The Impact of Isolation Level on Locking

I get involved in Q+As in many ways, including at on-line discussion boards, blogs, e-mails, and so on. Sometimes I like to share some of the questions (and answers) from some of these.

One question came from an individual who was having trouble understanding locking. The question was this:

We have an issue in our OLTP and Datamart 24/7 design (both on DB2 UDB on AIX). While running ETL against the OLTP database, if the ETL process uses “Cursor Stability” isolation, it potentially locks out other users. So we changed isolation to “Uncommitted Read.” This added a new problem: We started seeing duplicate records because some uncommitted records showed up in the result set.

We want to read all committed rows but we also do not want the ETL transaction to obtain any locks whatsoever so that other users do not get affected.

And here is my answer:

You are asking for the impossible. Basically, what you are asking is the equivalent of this “I want a lock on my shed so my neighbors don’t steal my lawnmower, but I don’t want to have to open the lock myself when I want to get in.”

Let’s review the concept of the isolation level. The following discussion is culled from my book Database Administration: The Complete Guide to Practices and Procedures.

The isolation level specifies the locking behavior for a transaction or statement. Standard SQL defines four isolation levels that can be set using the SET TRANSACTION ISOLATION LEVEL statement. (You can control the isolation level in DB2 using the BIND command, too.)

  1. Read uncommitted
  2. Read committed
  3. Repeatable read
  4. Serializable

The preceding list is an ordered list, progressing from lowest to highest isolation. The higher the isolation level, the more strict the locking protocol becomes. The lower the isolation level, the shorter lock duration will be. Additionally, each higher isolation level is a superset of the lower levels. Let’s briefly examine each of the standard isolation levels.

Specifying read uncommitted isolation implements read-through locks and is sometimes referred to as a dirty read. (This is the UR isolation level in DB2.) It applies to read operations only. With this isolation level data may be read that never actually exists in the database, because the transaction can read data that has been changed by another process, but is not yet committed. Read uncommitted isolation provides the highest level availability and concurrency of the isolation levels, but the worst degree of data integrity. It should be used only when data integrity problems can be tolerated. Certain types of applications, such as those using analytical queries, estimates and averages, are likely candidates for read uncommitted locking. But be careful. A dirty read can cause duplicate rows to be returned where none exist or no rows may be returned when one (or more) actually exists. When choosing read uncommitted isolation the programmer and DBA must ensure that these types of problems are acceptable for the application.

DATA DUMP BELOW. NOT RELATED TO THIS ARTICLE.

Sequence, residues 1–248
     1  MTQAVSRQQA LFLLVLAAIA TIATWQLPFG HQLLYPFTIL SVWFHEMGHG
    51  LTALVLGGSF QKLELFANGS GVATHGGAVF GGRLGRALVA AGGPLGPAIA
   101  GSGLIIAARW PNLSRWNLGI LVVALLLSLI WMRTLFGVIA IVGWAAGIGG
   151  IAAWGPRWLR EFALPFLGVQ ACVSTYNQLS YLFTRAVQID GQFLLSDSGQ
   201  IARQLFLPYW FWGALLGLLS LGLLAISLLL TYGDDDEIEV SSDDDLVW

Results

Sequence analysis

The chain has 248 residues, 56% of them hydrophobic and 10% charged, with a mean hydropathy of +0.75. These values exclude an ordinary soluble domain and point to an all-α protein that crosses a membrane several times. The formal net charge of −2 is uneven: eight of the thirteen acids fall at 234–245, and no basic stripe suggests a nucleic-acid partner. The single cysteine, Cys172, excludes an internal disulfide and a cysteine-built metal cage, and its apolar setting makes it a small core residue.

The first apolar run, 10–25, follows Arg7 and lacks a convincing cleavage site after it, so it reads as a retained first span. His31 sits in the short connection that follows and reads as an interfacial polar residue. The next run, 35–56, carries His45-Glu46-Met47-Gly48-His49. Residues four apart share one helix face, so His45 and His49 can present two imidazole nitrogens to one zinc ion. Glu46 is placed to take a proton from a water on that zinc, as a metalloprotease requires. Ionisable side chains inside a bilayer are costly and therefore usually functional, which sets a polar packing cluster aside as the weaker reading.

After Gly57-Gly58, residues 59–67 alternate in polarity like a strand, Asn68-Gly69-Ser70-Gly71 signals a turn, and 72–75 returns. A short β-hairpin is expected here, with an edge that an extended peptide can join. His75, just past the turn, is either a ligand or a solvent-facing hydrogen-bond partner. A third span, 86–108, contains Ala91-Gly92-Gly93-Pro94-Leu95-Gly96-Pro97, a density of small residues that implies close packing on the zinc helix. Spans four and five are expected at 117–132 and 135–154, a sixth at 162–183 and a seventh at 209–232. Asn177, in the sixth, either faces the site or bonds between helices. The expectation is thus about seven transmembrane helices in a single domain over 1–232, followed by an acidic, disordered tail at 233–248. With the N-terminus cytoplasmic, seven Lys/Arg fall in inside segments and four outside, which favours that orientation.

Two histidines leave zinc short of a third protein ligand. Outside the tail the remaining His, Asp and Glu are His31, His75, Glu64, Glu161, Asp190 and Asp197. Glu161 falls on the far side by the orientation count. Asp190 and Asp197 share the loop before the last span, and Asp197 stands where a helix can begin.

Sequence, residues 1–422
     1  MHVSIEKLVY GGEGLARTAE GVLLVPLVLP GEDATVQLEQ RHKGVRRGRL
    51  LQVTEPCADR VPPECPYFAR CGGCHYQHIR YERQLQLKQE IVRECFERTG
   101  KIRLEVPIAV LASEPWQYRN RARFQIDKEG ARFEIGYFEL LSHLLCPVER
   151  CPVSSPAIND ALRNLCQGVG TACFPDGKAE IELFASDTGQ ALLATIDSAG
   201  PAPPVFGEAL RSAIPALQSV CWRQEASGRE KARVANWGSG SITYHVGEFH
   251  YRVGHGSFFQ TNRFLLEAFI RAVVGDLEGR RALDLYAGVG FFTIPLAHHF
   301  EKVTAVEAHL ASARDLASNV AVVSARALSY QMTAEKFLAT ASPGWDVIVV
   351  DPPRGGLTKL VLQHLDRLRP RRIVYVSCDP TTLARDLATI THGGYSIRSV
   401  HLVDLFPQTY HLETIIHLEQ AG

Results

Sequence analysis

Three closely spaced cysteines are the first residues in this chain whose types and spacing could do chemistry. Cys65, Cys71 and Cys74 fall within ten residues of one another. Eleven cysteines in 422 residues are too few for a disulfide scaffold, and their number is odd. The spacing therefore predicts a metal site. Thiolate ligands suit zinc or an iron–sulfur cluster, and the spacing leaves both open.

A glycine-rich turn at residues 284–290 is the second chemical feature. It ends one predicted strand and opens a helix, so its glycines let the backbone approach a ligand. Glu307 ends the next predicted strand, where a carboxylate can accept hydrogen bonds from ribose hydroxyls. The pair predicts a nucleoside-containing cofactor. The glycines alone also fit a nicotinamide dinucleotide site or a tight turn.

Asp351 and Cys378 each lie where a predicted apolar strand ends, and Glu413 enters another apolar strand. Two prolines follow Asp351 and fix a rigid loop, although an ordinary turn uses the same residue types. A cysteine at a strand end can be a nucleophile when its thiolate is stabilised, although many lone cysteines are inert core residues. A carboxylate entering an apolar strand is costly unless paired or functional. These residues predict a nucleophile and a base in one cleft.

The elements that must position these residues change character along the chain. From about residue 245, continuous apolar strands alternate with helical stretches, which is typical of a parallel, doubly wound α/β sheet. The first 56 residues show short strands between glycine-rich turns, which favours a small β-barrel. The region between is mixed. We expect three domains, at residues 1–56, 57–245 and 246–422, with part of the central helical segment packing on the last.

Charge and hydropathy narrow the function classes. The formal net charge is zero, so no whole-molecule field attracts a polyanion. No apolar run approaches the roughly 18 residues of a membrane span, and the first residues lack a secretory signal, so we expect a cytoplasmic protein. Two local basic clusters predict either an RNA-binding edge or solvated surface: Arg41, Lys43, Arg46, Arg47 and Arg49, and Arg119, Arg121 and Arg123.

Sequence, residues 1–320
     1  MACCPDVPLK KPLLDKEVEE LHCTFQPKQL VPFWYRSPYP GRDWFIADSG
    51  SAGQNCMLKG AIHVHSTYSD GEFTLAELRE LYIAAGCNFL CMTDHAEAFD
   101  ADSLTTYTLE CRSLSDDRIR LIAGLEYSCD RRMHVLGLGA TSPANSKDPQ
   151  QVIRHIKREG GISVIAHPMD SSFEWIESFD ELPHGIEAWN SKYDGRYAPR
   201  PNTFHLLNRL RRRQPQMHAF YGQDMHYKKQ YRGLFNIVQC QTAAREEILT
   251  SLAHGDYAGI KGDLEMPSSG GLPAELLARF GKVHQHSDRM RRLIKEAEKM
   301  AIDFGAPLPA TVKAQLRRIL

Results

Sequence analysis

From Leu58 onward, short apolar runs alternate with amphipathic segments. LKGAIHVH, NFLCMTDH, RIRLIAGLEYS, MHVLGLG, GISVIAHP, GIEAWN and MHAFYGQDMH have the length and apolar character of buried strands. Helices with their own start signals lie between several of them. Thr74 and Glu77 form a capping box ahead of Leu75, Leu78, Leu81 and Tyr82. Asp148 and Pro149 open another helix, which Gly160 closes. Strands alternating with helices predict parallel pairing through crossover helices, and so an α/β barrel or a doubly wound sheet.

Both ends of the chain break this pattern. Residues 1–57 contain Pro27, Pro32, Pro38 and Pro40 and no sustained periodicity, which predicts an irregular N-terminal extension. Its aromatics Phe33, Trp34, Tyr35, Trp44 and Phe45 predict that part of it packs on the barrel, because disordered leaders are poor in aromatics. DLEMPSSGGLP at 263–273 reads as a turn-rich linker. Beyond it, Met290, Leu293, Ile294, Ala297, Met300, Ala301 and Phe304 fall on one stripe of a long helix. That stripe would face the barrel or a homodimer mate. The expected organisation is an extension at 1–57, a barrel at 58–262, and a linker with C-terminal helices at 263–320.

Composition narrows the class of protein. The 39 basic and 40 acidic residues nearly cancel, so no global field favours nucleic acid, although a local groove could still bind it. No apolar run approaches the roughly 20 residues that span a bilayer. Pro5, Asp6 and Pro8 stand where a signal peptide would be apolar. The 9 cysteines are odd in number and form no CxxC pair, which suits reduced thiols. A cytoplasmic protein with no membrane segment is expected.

The read committed isolation level, also called cursor stability, (CS in DB2) provides more integrity than read uncommitted. When read committed is specified, the transaction will never read data that is not yet committed; only committed data can be read.

With an isolation level of repeatable read, a further restriction is placed on reads, namely the assurance that the same data can be accessed multiple times during the course of the transaction without its value changing. The previous two isolation levels (read uncommitted and read committed) permit the underlying data to change if it is accessed more than once. Use repeatable read only when data can be read multiple different times during the course of the transaction and the data values must be consistent.

Finally, the greatest integrity is provided by the serializable isolation level. Serializable isolation removes the possibility of phantoms. A phantom occurs when the transaction opens a cursor that retrieves data and subsequently another process inserts a value that would satisfy the request and should be in the result set. For example, consider the following situation:

  • Transaction1 opens a cursor and reads account information, keeping a running sum of the total balance for the selected accounts.
  • Transaction2 inserts a new account that falls within the range of accounts being processed by Transaction1, but the insert occurs after Transaction1 has passed the new account.
  • Transaction2 commits the insert.
  • Transaction1 runs a query to sum the values to check the accuracy of the running total. But the totals will not match.

Serializable isolation eliminates this problem. Phantoms can occur for lower isolation levels, but not when the isolation level is serializable.

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About craig@craigsmullins.com

I'm a strategist, researcher, and consultant with nearly three decades of experience in all facets of database systems development.
This entry was posted in data integrity, Isolation Level. Bookmark the permalink.

7 Responses to The Impact of Isolation Level on Locking

  1. Pingback: Tweets that mention The Impact of Isolation Level on Locking | Data and Technology Today -- Topsy.com

  2. Frederik Engelen says:

    Hello Craig,

    If the guy is on UDB, perhaps the Currently Commited from 9.7 will suit his needs. I can’t immediately find a lawnmower story to explain it, though. There’s no real ‘previous version’ equivalent of a lawnmower 🙂

    Kind regards,

    Frederik

  3. lol! the lawnmower thing made me laugh ! anyway great blog!!!

  4. Pingback: Database Consistency Models | Data and Technology Today

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